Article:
Drugs: In and Out of Fashion

Earlier this year I was asked by a good friend of mine to write an article for his menswear fashion label / journal, MORAL. I thought I'd post the article here since I don't post anything here nowadays.

Drugs. A word dictionaries collectively define as substances used as or in medication, which affect the body physiologically, and no further. But say the word “drugs” to any sane person and there sure will rise an overpowering negative impression, far bigger than the word’s association to anything medical. Wikipedia sums it better by defining drugs as substances which have medicinal, intoxicating, and performance enhancing properties.

It’s easy enough to guess that humans had started their history with drugs since the prehistoric age and be right. From the natural to the artificial forms, drugs have been used through the ages for healing, cultural, and recreational purposes. And among the histories us humans shared with drugs, the fashion industry certainly have one of the most winding kind.

A strict industry with many unwritten rules, such as having to present garments in a scheduled manner using girls mostly booked from prestigious agencies, the current fashion industry had started its affair with drugs as early as the time of Coco Chanel. The affair ran its course in the psychedelic sixties, the funky seventies, the golden age of Studio 54 in the eighties, through the heroin chic trend in the nineties, and the size zero filled noughties. The affair is apparently deep and complicated enough to involve virtually every level of the industry, from the creative teams, the mid-teen aged models, the agents, to the glamor-sprinkled professionals in public relations.
It seems like I can't yet realize my plan to make mini-articles for this blog. I've had the plan since earlier this week (and a plan for a new layout) but, well. Enjoy these videos in the meantime will ya? The first one is Atoms for Peace's Ingenue, starring Thom Yorke and contemporary dancer Fukiko Takase. And the second one is The Knife's second single from their upcoming album Shaking the Habitual, called A Tooth for an Eye.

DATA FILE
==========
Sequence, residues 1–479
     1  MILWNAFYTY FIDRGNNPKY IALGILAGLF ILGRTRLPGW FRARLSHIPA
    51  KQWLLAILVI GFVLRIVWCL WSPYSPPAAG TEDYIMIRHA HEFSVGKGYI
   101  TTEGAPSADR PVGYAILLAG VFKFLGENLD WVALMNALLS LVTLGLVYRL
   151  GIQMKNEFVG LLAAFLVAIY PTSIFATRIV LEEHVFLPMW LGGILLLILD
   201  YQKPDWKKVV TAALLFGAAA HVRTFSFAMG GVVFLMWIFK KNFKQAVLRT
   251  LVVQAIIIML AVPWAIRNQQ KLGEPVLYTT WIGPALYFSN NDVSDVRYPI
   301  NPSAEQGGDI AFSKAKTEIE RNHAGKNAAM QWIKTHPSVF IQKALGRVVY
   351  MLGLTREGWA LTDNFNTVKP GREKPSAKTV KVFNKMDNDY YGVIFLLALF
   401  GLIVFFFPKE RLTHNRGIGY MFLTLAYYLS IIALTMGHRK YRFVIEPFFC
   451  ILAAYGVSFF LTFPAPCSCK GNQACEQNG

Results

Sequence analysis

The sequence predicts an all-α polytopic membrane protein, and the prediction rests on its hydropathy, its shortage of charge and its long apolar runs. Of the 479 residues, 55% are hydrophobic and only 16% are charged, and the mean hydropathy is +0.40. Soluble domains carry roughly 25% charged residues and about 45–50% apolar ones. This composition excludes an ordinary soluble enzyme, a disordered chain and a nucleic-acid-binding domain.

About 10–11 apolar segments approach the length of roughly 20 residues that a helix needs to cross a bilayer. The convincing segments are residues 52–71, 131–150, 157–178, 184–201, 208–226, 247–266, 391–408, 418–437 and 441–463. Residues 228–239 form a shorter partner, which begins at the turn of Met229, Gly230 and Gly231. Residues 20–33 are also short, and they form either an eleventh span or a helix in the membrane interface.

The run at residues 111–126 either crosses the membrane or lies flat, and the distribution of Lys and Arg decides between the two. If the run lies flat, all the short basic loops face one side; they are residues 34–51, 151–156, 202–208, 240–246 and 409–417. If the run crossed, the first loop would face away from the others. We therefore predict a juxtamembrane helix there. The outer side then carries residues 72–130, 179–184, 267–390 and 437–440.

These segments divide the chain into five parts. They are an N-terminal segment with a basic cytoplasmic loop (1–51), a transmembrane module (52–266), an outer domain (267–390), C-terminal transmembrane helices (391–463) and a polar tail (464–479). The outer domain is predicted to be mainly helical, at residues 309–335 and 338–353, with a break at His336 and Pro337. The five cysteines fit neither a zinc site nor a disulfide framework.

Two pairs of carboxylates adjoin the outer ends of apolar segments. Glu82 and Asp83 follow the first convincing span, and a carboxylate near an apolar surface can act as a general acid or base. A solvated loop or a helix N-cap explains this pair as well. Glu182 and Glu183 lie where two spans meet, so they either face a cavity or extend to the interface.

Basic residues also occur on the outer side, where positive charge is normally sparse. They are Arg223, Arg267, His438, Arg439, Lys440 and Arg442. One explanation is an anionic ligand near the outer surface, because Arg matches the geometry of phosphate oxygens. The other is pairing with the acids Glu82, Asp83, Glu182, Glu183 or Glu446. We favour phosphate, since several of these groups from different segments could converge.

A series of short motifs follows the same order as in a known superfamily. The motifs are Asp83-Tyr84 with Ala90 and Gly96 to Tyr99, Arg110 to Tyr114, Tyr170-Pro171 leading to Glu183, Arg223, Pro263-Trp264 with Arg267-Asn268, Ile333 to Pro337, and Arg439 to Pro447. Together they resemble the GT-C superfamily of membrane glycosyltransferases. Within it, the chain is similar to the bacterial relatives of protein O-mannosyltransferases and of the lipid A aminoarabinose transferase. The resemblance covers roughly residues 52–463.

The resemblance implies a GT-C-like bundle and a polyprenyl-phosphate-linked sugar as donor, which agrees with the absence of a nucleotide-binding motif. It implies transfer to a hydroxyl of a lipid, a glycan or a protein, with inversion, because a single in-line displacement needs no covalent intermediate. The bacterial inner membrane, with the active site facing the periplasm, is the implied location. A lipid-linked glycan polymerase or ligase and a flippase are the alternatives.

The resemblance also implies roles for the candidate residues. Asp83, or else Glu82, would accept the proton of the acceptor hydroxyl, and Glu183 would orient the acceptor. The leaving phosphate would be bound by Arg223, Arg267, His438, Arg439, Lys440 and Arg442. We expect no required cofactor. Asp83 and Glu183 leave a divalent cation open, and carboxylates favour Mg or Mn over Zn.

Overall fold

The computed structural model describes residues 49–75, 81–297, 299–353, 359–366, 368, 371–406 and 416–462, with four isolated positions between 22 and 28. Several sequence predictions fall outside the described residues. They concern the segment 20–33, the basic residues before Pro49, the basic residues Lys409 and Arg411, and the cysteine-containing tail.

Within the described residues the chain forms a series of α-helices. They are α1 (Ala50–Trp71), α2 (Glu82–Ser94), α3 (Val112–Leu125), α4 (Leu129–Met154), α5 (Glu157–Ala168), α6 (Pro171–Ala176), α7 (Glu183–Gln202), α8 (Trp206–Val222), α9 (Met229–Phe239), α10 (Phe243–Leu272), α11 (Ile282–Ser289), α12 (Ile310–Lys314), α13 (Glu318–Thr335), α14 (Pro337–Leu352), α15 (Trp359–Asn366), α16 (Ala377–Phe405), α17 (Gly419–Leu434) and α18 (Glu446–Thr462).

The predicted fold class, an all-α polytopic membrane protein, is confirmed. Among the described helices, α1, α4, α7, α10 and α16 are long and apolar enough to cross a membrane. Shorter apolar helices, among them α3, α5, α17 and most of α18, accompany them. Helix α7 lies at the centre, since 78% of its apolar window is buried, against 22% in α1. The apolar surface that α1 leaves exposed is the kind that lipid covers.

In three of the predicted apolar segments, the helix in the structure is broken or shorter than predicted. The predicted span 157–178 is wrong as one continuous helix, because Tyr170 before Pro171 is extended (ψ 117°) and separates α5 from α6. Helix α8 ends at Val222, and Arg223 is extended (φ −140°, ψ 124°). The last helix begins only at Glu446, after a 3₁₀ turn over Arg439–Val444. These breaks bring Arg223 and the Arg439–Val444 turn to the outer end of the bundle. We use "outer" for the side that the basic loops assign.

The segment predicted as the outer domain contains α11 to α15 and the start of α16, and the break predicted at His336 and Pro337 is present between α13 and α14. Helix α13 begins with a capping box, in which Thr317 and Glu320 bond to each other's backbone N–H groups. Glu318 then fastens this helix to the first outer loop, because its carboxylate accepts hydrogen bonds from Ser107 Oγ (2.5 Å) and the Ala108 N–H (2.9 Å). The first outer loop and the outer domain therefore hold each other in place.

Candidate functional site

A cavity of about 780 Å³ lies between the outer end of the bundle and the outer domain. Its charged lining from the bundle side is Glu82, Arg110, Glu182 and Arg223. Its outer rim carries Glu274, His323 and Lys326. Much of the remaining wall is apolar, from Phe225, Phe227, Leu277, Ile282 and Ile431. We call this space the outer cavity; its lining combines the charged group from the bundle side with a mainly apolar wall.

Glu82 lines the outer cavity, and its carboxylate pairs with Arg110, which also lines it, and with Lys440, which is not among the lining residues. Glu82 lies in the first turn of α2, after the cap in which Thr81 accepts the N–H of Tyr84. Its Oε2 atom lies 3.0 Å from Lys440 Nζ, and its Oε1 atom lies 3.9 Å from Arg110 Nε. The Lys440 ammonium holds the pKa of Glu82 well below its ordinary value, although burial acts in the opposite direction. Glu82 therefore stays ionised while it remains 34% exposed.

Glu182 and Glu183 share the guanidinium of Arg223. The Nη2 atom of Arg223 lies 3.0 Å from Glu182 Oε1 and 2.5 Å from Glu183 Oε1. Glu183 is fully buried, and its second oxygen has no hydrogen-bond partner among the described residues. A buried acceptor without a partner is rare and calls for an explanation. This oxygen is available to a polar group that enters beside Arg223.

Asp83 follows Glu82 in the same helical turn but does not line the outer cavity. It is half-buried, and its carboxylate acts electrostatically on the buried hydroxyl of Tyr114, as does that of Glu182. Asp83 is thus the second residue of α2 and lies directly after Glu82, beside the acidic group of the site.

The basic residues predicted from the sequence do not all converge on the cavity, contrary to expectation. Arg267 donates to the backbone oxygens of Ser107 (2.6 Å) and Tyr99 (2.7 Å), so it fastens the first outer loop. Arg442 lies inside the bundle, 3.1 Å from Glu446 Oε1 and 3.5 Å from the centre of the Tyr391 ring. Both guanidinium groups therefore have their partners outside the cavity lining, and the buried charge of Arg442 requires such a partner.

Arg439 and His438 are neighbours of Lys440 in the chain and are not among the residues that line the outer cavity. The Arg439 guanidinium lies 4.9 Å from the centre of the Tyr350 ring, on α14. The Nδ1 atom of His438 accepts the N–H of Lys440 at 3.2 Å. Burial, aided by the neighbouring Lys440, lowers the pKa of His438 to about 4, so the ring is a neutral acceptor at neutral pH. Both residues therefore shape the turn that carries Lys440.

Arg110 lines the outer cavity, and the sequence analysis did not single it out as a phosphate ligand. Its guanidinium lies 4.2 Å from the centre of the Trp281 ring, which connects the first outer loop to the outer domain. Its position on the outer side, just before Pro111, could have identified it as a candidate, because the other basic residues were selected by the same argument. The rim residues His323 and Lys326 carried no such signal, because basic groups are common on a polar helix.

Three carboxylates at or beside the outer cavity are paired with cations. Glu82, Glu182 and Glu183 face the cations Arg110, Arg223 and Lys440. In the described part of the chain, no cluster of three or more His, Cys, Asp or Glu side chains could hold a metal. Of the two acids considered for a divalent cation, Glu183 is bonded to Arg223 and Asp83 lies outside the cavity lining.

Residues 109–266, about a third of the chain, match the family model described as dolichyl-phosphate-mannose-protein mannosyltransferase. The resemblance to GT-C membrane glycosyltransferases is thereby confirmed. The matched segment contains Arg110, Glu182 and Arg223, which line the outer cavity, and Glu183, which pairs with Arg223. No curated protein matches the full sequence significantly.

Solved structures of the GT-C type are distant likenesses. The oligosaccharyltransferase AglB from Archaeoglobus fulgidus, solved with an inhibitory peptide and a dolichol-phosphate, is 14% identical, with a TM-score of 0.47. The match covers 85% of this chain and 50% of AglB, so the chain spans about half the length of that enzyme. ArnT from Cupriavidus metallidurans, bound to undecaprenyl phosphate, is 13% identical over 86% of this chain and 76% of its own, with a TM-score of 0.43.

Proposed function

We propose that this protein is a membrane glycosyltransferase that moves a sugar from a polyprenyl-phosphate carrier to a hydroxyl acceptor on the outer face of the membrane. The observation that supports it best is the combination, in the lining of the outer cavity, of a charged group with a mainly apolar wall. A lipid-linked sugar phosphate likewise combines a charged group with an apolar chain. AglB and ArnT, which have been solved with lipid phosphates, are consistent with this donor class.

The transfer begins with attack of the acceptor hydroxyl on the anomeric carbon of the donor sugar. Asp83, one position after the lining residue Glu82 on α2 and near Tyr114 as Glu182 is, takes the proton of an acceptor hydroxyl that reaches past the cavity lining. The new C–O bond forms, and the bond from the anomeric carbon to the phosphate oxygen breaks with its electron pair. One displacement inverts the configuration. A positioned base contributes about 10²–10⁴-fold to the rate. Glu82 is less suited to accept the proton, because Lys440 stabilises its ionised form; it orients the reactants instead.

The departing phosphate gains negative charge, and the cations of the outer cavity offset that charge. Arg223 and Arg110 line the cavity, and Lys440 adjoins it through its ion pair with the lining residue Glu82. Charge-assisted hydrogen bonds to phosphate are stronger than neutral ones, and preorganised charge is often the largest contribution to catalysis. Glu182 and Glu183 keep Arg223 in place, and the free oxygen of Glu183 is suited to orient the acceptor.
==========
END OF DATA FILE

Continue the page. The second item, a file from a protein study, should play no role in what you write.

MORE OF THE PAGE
Audiovisual

A series of event had ignited my slumbering passion to blog again, so here goes. I don't think I'll write much in this post, for the things I'm sharing speak well for themselves.

I haven't had the time to browse the internet much, lately, not even for my daily routine of scrolling through the Tumblr dashboard. But this week I've had the pleasure of watching two short films, in which both involved my favorite musicians.

The first one is Umshini Wam, directed by Harmony Korine (who directed James Franco's Springbreakers, and after going to his Wikipedia page, apparently had a minor role in Good Will Hunting & Last Days), starring Die Antwoord's Ninja & Yo-Landi Vi$$er. The 15 minute film is a hyperbole for Ninja & Vi$$er's difficult life in South Africa before their rise to fame, and features the two of them as seemingly retarded and disabled people wearing colorful onesies. Vi$$er is obviously the motherfucking star in this film, her shrill talking and singing/rapping voice highlights all emotions portrayed, she virtually induced goosebumps.



The second one is The Knife's music video for Full of Fire, their first single of their upcoming album Shaking the Habitual. Directed by Swedish feminist porn director Marit Ă–stberg, the film is an extreme exploration of norm and gender construct, I think. Following the daily activities of several queer subjects (queer as in strange, and also as in gender-vague), the film's 9 minute run is accompanied by The Knife's new song which pretty much sound like if adrenaline was translated into sound waves. It was a strange and dizzying experience, watching this one.